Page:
Each time the barbed-wire fence closes behind me and I see the
men sitting in a circle waiting for me, I begin to pray, "Please
Lord, I want them to see You in me."
I'm often asked to speak to inmates about being the victim of crime.
On March 23, 1995, my 17-year-old daughter, Nicole, opened the door
of her father's house to a 16-year-old young man named LeVaughn
whom she knew. LeVaughn came into the house and they began to
argue over drugs.
LeVaughn picked up the butcher knife from the kitchen counter and
stabbed Nicole to death. My only child lay dying on the floor of the
living room, her eyes still open. The last sight she saw that day was
the face of the young man who was killing her. This young man whom
I had never met in my life, came into my life that day and changed my
I buried my daughter, and one week later the District Attorney informed
us he was asking for the death penalty for LeVaughn. He began telling
us how he wanted to try the case, and then he proceeded to ask us
if we believed in the death penalty. Everyone said, "yes," except for
me. I said "no."
I don't believe in murder. Murder is murder, no matter how you look at
it. It was no more right for me to take LeVaughn's life then it was for
him to take Nicole's life. I did not need revenge.
I waited one year to be faced with the young man who had changed
my life forever. He was hostile and angry during the trial. My greatest
fear was that he would get the death penalty and that I would then have
to fight to never allow that to happen. But God knew that wasn't
how He wanted me to spend my time. LeVaughn was found guilty of
second-degree murder and sentenced to thirty-eight years with
God had other plans for my life. LeVaughn still looked angry when
he was sentenced two weeks later. Only now, he was sitting right
next to me as I stood at the podium to address the court and the
judge, but I was warned not to address LeVaughn. I was told I
couldn't speak to this person who had changed my life forever,
and he was sitting right next to me.
I began reading what I had written and then God spoke to my heart.
I needed to talk to this young man. It might be my only opportunity. I
turned and looked into his face. This was the face that my daughter
saw as she lay dying on the living room floor just one year ago, and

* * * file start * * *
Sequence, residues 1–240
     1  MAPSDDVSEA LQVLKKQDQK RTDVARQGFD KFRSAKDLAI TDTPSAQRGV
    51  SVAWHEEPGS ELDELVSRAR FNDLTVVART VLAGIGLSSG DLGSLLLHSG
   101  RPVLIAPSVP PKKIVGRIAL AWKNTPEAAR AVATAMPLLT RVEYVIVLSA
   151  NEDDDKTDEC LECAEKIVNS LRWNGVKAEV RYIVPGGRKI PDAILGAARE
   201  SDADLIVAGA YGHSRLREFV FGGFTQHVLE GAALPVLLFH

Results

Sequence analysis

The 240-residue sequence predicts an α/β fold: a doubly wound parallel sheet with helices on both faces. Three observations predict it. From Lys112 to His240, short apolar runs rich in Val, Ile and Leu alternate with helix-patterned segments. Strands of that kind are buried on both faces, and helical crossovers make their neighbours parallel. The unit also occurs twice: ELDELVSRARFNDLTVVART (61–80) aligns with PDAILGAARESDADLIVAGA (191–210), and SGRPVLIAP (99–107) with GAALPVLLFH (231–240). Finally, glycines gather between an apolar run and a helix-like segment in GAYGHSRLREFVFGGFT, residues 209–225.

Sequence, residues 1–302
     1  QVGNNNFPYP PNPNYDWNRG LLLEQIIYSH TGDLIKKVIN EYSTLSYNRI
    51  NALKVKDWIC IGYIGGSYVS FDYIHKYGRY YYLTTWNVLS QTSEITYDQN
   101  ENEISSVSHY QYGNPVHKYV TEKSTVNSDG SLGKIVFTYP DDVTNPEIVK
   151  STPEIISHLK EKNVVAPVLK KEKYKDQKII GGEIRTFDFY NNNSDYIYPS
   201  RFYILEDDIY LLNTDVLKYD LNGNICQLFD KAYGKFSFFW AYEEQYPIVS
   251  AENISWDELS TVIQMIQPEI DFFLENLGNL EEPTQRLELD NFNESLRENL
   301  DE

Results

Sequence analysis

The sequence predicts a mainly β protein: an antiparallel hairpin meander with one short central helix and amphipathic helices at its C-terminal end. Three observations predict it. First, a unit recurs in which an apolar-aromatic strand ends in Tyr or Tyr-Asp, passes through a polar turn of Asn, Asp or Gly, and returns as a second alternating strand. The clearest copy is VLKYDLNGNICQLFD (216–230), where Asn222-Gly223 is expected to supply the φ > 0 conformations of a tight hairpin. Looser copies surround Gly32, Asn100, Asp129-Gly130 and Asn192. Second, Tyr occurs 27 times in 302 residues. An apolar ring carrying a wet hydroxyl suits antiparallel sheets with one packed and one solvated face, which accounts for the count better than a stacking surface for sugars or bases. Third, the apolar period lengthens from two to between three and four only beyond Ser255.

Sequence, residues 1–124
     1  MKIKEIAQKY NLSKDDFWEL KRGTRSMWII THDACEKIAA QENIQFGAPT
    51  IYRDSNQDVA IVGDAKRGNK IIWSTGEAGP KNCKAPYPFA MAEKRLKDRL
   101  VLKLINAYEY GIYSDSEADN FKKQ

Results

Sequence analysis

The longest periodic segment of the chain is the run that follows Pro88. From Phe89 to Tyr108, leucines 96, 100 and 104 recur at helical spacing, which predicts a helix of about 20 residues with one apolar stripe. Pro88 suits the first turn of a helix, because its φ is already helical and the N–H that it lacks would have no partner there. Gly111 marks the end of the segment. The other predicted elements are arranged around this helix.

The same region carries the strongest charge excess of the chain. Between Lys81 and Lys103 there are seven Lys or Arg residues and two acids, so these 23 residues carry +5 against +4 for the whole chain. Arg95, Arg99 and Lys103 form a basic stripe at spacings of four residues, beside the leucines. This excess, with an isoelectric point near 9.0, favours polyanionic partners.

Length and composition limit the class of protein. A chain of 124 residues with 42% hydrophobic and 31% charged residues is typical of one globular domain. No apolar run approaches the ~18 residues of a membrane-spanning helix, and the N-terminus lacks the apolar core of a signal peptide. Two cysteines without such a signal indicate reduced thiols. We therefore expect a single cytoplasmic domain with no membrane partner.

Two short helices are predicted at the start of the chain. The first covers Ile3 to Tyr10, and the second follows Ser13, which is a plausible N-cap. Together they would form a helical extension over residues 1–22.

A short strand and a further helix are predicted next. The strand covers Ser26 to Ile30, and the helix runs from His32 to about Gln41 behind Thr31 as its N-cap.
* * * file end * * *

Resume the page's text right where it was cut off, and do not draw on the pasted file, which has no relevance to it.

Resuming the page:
now I was looking into that same face. I told LeVaughn that I was not
angry with him, but that I felt very hurt. I told him that I had
compassion for him and that I hoped that he could somehow find
a way to turn his life around.
And lastly, I told him that I would be praying for him. The face that
was so full of anger was now looking at me in disbelief, and the
anger was gone.
When I walked away from the courthouse that day, I knew that God
had given both of us a gift. It was the gift of forgiveness. I was able to
forgive the young man who murdered my daughter. Not because he
asked me too, but because it was what God wanted for both of us.
God was never going to be able to use me if I was angry. Forgiveness
brings peace. And with that peace comes overwhelming joy. The joy
of knowing that God will forgive me just as I have forgiven.
Two years ago, I became a Prison Fellowship volunteer. I also
volunteer for the Pre-Release Programs in several prisons in
my area. I do a Parenting Program, Personal Development
Program and the Victim's Sensitivity Program. I have also become
a trained mediator, mediating minor offenses for the District
Attorney's Office, and I'm currently working on a program to do
mediations between victims and offenders of violent crimes. I
believe in rehabilitation.
As I walk out of the prison I feel so much peace. I don't see
myself as a victim. I see myself as someone who has had
something happen in my life, and I chose to let God use it so
that I might be of greater service to Him. There is a sense of
God's presence in prison. God is everywhere, even in prison.
And to think I might never have known that -- if I wasn't able